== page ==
Diagnosing and Staging Myelodysplastic Syndrome

To accurately diagnose myelodysplastic syndrome, the City of Hope care team may need to perform several tests to determine how advanced the disease is. In addition to a routine physical exam and taking a patient’s medical and family history information, City of Hope staff may also perform biopsies and imaging tests.
  • Complete blood count – This basic test obtains an accurate count of all the different types of blood cells, which is crucial to diagnosing myelodysplastic syndrome disorders by revealing unusually low cell counts.
  • Blood chemistry test – The blood sample is also checked for certain substances, such as folate or vitamin B12. Abnormal levels can indicate tissue or organ dysfunction as a result of myelodysplasia.
  • Peripheral blood smear – A procedure that checks the blood sample for changes in cell numbers, size, shape or type. It also checks for iron levels in red blood cells.
  • Bone marrow aspirate and biopsy  Bone marrow tissue is extracted and examined by a pathologist under a microscope to determine if there are abnormal cells.
  • Cytogenetic analysis – An examination of chromosomal abnormalities in bone marrow cells. The presence or absence of certain abnormalities can help further classify the disease and guide clinicians to the most effective treatment.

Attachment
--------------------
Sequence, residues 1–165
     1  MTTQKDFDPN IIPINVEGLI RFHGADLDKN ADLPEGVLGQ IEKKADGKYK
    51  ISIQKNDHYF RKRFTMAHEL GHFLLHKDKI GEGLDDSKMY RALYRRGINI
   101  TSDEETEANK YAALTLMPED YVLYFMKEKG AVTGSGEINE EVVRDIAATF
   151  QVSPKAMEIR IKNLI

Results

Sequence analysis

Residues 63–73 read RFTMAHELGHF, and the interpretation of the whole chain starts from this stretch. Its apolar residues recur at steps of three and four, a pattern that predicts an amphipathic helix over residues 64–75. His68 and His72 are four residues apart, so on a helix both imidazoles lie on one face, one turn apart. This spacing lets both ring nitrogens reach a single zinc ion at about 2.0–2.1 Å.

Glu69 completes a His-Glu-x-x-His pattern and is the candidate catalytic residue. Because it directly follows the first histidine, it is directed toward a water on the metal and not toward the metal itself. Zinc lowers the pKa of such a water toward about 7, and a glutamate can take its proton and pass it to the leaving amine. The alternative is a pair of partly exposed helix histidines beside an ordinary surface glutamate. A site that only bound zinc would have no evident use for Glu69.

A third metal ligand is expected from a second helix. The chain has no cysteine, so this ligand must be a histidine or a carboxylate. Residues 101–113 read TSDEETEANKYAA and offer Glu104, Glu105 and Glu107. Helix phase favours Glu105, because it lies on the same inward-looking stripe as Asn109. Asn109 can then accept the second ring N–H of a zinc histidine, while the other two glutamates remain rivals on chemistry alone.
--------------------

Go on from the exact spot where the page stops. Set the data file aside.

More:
Stages of Myelodysplasia
To properly plan for treatment, patients with myelodysplastic syndrome are staged in accordance to how advanced the disorder is. This is primarily done by taking a number of factors into consideration, including:
  • Type of myelodysplastic disorder
  • Patient’s blood counts and whether the patient needed blood transfusions
  • Percentage of blast cells in the patient’s bone marrow
  • Presence of genetic abnormalities
Based on these factors, patients are staged according to their risk level, with higher risk patients requiring more intensive treatments .
If you have been diagnosed with a myelodysplastic syndrome disorder or are looking for a second opinion consultation about your treatment, find out more about becoming a patient or contact us at 800-826-HOPE.